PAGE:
By now, we know Kay Hagan — a Christian — overcame anti-atheist bigotry from her North Carolina Senate opponent Elizabeth Dole.
Rob Christensen of The Charlotte Observer has a behind-the-scenes look at how that ad came to be.
In a nutshell, the Dole campaign never intended to create the ad because they never thought Hagan would attend a fundraiser hosted by two prominent atheists.
… Certainly not after the Dole campaign had sent out a news release attacking Hagan for even scheduling such an event.
Even then, Dole’s campaign thought it would run such an ad only as a last resort. And then it would be the mildest version of the ad.
The ad was created, but it didn’t air immediately.
“It’s not the kind of thing that would be your first choice to mold your campaign around,” [ad producer Fred] Davis said.
As Dole continued to trail Hagan in the polls, the Dole campaign began to seriously consider using the Boston fundraiser in an ad.“We had a D-Day date — the week before the election,” Davis said.
On D-Day, with Dole’s internal tracking polls showing her 8 points behind Hagan, the decision was made to hastily produce what would become known as the “godless ad.” There was a conference call with eight to 10 senior Dole staffers, in which they argued about what the ad should say. Dole declined to discuss the ad for this story.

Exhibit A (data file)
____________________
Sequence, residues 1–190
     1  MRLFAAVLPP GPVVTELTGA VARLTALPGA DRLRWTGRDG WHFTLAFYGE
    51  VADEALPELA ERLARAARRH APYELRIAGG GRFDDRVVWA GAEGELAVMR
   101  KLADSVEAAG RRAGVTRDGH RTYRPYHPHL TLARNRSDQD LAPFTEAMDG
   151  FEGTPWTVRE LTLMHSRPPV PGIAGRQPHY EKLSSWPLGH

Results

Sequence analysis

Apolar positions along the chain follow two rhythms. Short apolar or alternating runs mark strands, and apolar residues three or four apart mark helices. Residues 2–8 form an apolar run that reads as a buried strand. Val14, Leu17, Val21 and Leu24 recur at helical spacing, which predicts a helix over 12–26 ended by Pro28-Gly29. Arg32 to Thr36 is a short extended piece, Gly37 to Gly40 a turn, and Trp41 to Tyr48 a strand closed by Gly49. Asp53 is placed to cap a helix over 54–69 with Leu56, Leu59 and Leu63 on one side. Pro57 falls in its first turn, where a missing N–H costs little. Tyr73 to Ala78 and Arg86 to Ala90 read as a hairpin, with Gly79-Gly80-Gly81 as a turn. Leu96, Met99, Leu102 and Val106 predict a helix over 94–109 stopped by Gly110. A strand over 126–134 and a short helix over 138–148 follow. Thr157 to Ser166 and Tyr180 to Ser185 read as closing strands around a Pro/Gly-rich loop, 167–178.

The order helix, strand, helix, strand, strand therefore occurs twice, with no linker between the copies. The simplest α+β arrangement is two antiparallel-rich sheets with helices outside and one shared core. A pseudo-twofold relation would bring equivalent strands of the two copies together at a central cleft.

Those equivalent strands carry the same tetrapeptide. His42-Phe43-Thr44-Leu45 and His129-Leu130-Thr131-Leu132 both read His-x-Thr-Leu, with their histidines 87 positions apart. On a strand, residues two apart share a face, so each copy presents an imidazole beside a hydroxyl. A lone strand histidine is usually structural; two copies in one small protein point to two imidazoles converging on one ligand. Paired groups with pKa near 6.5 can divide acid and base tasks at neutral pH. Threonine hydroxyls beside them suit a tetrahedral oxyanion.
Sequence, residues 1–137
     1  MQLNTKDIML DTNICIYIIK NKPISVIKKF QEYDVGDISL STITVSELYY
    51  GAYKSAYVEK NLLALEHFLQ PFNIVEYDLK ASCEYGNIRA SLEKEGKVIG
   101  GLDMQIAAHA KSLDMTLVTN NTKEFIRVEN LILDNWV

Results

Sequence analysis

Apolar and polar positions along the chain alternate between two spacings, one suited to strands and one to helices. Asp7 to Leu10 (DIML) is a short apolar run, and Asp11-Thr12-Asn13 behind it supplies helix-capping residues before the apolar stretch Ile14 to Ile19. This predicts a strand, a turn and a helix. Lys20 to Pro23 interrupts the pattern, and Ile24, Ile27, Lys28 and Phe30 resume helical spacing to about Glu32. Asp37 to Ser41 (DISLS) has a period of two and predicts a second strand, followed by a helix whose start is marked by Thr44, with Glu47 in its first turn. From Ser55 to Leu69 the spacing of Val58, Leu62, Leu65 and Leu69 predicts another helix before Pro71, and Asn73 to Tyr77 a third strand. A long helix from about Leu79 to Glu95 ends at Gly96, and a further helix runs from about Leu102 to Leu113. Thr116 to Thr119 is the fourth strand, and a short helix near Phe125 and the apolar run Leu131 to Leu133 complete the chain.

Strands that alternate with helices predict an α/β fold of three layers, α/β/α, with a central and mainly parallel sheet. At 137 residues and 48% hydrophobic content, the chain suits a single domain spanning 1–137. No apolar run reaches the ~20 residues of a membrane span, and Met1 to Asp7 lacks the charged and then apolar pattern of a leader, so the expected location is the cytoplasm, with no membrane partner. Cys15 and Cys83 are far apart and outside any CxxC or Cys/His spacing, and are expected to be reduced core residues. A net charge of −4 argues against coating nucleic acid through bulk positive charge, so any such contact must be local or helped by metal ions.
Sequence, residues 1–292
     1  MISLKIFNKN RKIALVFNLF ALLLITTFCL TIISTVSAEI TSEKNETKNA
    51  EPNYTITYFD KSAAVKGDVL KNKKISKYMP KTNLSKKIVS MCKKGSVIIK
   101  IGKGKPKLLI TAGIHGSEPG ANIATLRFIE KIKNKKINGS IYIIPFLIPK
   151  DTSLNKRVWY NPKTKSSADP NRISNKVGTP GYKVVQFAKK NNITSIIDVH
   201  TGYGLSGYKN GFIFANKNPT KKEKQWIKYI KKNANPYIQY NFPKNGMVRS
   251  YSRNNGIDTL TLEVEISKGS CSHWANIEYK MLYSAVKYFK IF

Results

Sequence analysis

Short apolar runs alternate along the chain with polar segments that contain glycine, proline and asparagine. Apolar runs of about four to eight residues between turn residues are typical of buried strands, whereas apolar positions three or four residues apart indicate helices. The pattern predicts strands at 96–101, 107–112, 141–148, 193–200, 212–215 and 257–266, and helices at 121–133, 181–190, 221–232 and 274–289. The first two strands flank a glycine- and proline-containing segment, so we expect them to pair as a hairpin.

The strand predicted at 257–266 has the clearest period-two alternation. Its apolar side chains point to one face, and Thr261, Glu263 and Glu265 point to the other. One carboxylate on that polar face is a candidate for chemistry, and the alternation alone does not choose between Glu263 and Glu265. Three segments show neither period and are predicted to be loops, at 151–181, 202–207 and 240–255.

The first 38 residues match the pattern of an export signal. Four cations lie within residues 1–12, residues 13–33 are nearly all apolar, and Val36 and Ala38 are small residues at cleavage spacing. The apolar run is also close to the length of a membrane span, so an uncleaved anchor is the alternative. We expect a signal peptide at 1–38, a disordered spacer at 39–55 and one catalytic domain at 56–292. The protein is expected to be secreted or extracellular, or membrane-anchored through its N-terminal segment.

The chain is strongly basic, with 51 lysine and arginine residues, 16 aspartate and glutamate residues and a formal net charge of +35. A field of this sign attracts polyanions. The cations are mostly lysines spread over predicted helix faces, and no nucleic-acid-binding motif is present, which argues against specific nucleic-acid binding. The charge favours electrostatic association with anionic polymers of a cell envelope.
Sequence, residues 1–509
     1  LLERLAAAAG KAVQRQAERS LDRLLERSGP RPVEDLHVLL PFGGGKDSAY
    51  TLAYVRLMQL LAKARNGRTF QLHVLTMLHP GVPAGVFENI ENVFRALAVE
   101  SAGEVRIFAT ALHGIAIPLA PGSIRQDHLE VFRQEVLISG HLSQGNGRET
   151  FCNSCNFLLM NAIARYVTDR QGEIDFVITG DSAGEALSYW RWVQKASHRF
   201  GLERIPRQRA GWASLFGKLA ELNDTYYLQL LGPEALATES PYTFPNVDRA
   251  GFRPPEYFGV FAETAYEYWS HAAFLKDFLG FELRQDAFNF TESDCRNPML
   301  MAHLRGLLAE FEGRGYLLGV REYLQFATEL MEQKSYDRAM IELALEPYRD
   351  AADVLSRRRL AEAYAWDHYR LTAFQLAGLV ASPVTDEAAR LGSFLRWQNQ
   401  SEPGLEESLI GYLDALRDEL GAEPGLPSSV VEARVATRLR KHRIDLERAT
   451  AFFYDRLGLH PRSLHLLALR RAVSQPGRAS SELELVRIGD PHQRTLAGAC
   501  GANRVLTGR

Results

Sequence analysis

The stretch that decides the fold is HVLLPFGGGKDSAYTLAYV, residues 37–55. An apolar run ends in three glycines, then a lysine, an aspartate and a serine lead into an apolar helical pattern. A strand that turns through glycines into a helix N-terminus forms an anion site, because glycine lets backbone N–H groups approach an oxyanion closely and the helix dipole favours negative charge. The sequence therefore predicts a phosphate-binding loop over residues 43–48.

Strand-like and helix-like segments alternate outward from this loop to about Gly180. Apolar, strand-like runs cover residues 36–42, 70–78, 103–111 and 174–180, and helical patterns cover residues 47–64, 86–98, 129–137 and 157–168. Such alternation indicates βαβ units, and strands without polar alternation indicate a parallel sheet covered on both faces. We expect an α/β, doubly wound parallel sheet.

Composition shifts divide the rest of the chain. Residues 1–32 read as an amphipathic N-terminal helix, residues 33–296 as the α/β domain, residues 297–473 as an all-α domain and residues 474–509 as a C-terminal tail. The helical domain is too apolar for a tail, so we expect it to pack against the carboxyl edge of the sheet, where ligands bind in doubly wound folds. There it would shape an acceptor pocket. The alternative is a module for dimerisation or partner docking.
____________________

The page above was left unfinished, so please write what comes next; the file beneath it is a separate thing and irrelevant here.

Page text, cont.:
I would love to know what the “more potent” ads looked like…
But the point we need to remember is this: The ad was a calculated smear attempt against Hagan. The Dole campaign didn’t actually care that Hagan met with atheists. They weren’t offended and they certainly didn’t find it immoral or wrong. They just saw it as an easy way to manipulate voters into thinking she was a bad representative for them.
Thankfully, it backfired.
As a result, Dole can now spend all her excess free time thinking about the vile woman she’s become.